US 2020: Biden campaign says Trump 'abhorrent' for fuelling Harris conspiracy
The campaign team for Democratic White House candidate Joe Biden has issued a scathing response after US President Donald Trump amplified a conspiracy theory about his running mate.
Mr Trump said he had "heard" that Kamala Harris - a US-born citizen whose parents were immigrants - "doesn't qualify" to serve as US vice-president.
The fringe theory has been dismissed by constitutional experts.
The Biden campaign called the comments "abhorrent" and "pathetic".
They noted that Mr Trump spent years promoting a false "birther" theory that ex-President Barack Obama was not born in the US.
Ms Harris, a senator from California, on Tuesday became the first black woman and the first Asian-American to be named as a running mate on a main-party US presidential ticket.
"Donald Trump was the national leader of the grotesque, racist birther movement with respect to President Obama and has sought to fuel racism and tear our nation apart on every single day of his presidency," a Biden campaign spokesman said in an email.
"So it's unsurprising, but no less abhorrent, that as Trump makes a fool of himself straining to distract the American people from the horrific toll of his failed coronavirus response that his campaign and their allies would resort to wretched, demonstrably false lies in their pathetic desperation."
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Ms Harris was born to a Jamaican father and Indian mother in Oakland, California, on 20 October 1964. As such, she is eligible to serve as president or vice-president.
Constitutional scholars have dismissed the fringe legal theory that Mr Trump was referring to.
To be vice-president or president, Kamala Harris "has to be a natural-born citizen, at least 35 years old, and a resident in the United States for at least 14 years", Juliet Sorensen, a law professor at Northwestern University, told the Associated Press news agency. "She is. That's really the end of the inquiry."
Anyone born in the US and subject to its jurisdiction is a natural born citizen, regardless of the citizenship of their parents, says the Cornell Legal Information Institute.
What did Trump say?
After a conservative law professor questioned Ms Harris' eligibility based on her parents' immigration status at the time of her birth, Mr Trump was asked about the argument at a press conference on Thursday.
The president said: "I just heard it today that she doesn't meet the requirements and by the way the lawyer that wrote that piece is a very highly qualified, very talented lawyer.
"I have no idea if that's right. I would have assumed the Democrats would have checked that out before she gets chosen to run for vice-president.
"But that's a very serious, you're saying that, they're saying that she doesn't qualify because she wasn't born in this country."
The reporter replied there was no question that Ms Harris was born in the US, simply that her parents might not have been permanent US residents at the time.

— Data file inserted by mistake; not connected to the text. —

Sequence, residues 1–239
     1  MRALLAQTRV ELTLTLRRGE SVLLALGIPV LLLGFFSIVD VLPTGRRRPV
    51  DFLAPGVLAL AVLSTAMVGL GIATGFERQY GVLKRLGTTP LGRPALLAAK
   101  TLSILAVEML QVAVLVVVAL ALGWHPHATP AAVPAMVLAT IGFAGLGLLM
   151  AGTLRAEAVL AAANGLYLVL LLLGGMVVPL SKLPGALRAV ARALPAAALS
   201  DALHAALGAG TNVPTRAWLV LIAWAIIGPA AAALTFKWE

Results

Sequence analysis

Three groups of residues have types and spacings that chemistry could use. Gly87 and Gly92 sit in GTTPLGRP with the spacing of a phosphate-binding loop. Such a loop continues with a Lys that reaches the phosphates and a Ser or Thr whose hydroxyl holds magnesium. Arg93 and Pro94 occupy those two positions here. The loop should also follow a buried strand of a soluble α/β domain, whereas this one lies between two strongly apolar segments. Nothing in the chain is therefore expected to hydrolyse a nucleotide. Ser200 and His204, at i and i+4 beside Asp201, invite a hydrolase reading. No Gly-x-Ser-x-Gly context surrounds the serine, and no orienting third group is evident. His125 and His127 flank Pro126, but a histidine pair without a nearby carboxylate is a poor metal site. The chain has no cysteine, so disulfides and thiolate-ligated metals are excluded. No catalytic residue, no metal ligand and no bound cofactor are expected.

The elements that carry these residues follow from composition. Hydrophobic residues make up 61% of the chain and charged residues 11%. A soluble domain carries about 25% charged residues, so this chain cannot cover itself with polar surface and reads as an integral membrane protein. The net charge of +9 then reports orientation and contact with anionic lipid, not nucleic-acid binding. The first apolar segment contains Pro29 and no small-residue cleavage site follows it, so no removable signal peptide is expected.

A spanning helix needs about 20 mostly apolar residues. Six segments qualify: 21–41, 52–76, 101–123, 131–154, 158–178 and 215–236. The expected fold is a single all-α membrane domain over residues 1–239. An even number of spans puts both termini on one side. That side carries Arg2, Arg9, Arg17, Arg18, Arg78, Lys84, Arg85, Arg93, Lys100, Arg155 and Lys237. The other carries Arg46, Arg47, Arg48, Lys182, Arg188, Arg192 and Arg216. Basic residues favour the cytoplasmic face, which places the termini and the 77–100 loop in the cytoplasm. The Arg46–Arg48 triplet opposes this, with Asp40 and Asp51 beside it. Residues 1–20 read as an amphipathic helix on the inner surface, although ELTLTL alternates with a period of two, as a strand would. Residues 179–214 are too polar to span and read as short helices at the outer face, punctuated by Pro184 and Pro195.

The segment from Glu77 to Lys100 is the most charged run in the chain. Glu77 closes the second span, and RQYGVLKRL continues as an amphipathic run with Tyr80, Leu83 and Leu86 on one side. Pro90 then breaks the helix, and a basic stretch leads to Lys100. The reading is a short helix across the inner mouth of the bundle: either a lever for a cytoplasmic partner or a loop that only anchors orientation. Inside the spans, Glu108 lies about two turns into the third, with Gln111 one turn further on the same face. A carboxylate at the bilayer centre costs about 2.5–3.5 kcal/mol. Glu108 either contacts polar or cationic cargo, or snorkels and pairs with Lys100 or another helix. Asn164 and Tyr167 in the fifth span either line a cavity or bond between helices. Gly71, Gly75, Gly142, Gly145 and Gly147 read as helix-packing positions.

Earlier on Thursday, a Trump campaign adviser, Jenna Ellis, reposted a tweet from the head of conservative group Judicial Watch, Tim Fitton.
In that tweet, Mr Fitton questioned whether Ms Harris was "ineligible to be vice-president under the US constitution's 'citizenship clause'".
He also shared the opinion piece published in Newsweek magazine by John Eastman, a law professor at Chapman University in California, that Mr Trump was asked about.
What is the law professor's argument?
Prof Eastman cites Article II of the US Constitution's wording that "no person except a natural born citizen… shall be eligible to the office of president".
He also points out that the 14th Amendment to the constitution says "all persons born… in the United States, and subject to the jurisdiction thereof, are citizens".
Prof Eastman's argument, which he claims is also being made by other "commentators", hinges on the idea that Ms Harris may not have been subject to US jurisdiction if her parents were, for example, on student visas at the time of their daughter's birth in California.
"Her father was (and is) a Jamaican national, her mother was from India, and neither was a naturalized US citizen at the time of Harris' birth in 1964. That, according to these commentators, makes her not a 'natural born citizen' - and therefore ineligible for the office of the president and, hence, ineligible for the office of the vice president," he wrote in the Newsweek op-ed.
Experts in constitutional law have dismissed his claims
In 2010, Prof Eastman ran to be the Republican candidate for California attorney general. He lost to Steve Cooley, who went on to be defeated by Ms Harris, the Democratic candidate, in the general election.
Following furious backlash to the Newsweek op-ed, its editor-in-chief Nancy Cooper stood by the decision to publish, arguing on Thursday that Prof Eastman's article had "nothing to do with racist birtherism" and was instead "focusing on a long-standing, somewhat arcane legal debate".
What do other constitutional experts say?
Berkeley Law School Dean Erwin Chemerinsky told CBS News, the BBC's US partner, that Prof Eastman's argument about Ms Harris' eligibility was "truly silly".
"Under section 1 of the 14th Amendment, anyone born in the United States is a United States citizen. The Supreme Court has held this since the 1890s. Kamala Harris was born in the United States," he said.
Jessica Levinson, a professor at Loyola Law School, told the Associated Press: "Let's just be honest about what it is: It's just a racist trope we trot out when we have a candidate of colour whose parents were not citizens."